It has been several weeks since we last mentioned a barbecue place in our blog! We have, recently, been enjoying some pretty good ‘cue, but at places that we’ve visited previously. In July, we enjoyed stopping by Bub-Ba-Q, Ebony & Ivory, and Big Shanty Smokehouse. A couple of weeks ago, Marie and the baby and I also visited a very new place that opened in Tucker last month. The Greater Good Barbecue is owned by Clay Harper and Mike Nelson, who own Fellini’s Pizza and La Fonda Latina, and are, I believe, co-owners of Ringside Franks & Shakes, all of which we enjoy and have also featured here. (I’d link you, but too many blue words in a single paragraph is bad for your eyes, you know. Seriously.)
My concern-o-meter started ticking when we found the place. It is huge. It was built as a Western Sizzlin in the late seventies and has been home to at least two other restaurants who bit off more than they could chew since that place closed ages ago: the Stage Door and the Golden Dolphin. You know how people have been wishing that Heirloom Market would find a bigger space? Nobody’s even thinking this big.
The Greater Good is going to need a superlative product to keep the lights on in a space this large, and I’m not convinced that they’re quite there yet. It’s not at all bad, and we’ve certainly had far worse, but neither is it drive-across-town good, either. The Brunswick stew is thinner than I prefer, but it also packs a solid and rich flavor of tomatoes. The slaw is merely an average mayo-based variety. The chopped pork is tasty and moist, and not overpoweringly smoky.
At this point, they only have a single sauce available, although our server told us that they were thinking about adding more. It’s a basic, mildly sweet brown tomato-based sauce in a chilled squeeze bottle. It’s not bad, but not in any way adventurous. That’s how we feel about the restaurant overall. Lacking the inventive and creative spirit of Heirloom Market or Sweet Auburn, this is a simple and no-frills barbecue experience, the same sort of traditional pork-and-sides that has been satisfying Atlantans for many years. If we lived in this corner of Dekalb County, then we would probably eat here regularly, and if you’re anywhere within a reasonable distance of Hugh Howell Road, then you should give it a try. From up here in darkest Cobb, however, it really is a haul, past places that we enjoy more.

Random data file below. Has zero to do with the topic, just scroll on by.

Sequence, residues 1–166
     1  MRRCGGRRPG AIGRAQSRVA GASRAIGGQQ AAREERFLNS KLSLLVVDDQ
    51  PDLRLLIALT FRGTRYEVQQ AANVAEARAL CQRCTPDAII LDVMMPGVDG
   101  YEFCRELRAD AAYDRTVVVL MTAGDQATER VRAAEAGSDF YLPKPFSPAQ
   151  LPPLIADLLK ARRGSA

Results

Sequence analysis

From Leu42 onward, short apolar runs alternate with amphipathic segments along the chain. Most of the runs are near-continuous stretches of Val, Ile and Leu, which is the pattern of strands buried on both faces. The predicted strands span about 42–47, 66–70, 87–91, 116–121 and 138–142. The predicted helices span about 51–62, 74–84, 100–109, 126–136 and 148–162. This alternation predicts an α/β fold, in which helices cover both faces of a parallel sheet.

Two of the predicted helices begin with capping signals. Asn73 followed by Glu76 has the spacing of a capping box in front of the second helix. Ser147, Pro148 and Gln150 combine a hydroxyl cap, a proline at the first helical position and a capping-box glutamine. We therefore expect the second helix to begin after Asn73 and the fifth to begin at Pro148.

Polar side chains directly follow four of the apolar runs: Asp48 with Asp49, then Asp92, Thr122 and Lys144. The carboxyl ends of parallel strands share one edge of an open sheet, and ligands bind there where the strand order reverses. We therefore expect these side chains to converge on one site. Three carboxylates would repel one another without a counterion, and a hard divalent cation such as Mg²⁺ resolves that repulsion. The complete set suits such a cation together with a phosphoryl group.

That said, while I don’t believe that we’re in any big rush to return to Tucker anytime soon, if we do, we will definitely stop by again and try their ribs. Sure, you can’t judge by appearances, but while the chopped pork tasted pretty good and satisfied, those ribs, as seen on a fellow diner’s plate, had me unbelievably envious. They looked really promising. Fortunately, I spared myself the calories of plowing into a half-rack of those after cleaning my plate. I had found a good-looking place for dessert and Marie was looking forward to it, and I had calories coming from there.
Sheridan’s is a chain based in Stillwell, Kansas. They currently have twenty locations in seven states, with the main concentration in Missouri and Kansas. There are two in Memphis and just the one store here, so it’s not a chain that we run across much. Their buildings have a huge footprint to manage all the freezer space, but no indoor seating. It’s just a walk-up window and a drive-through.
Marie ordered their signature item, the Buck-a-Roo. It’s vanilla custard with hot fudge, strawberries, and bananas. She insisted that I have a Grant’s Grasshopper because it has my name. That’s a concrete also made with vanilla custard, with mint syrup, chocolate chips and crumbled Oreo cookies. Well, they said that it was a concrete. Since frozen custard stores are still very uncommon in the southeast, I have had very few chances to try one. I saw my first concrete when we were in Starkville last year, at that town’s outpost of Bop’s, a chain with eleven stores in Mississippi and one in Louisiana. The selling point of a concrete is that it’s meant to be so thick that you can turn the cup upside down and not lose your spoon. That’s my understanding, anyway. We don’t seem to get many correspondents from St. Louis or Milwaukee to correct me on that point, or argue whether concretes were first concocted at Ted Drewes or at Kopp’s.
At any rate, while a Bop’s concrete can indeed be inverted without fear, this grasshopper concrete would end up in your lap, having no greater thickness than soft-serve ice cream. I concluded that my lap was no place for it and put it in my mouth instead. I enjoyed it on the ride back across the top end perimeter home, thinking that we’d driven an awfully long way for pretty good barbecue and a not-concrete concrete.
Update, 10/15/12: Sadly, word reached us that Sheridan’s closed this store over the weekend.
You can see all the barbecue restaurants that we have visited for our blog on this map, with links back to the original blog posts. It’s terrific for anybody planning a barbecue road trip through the southeast!
Other blog posts about Sheridan’s: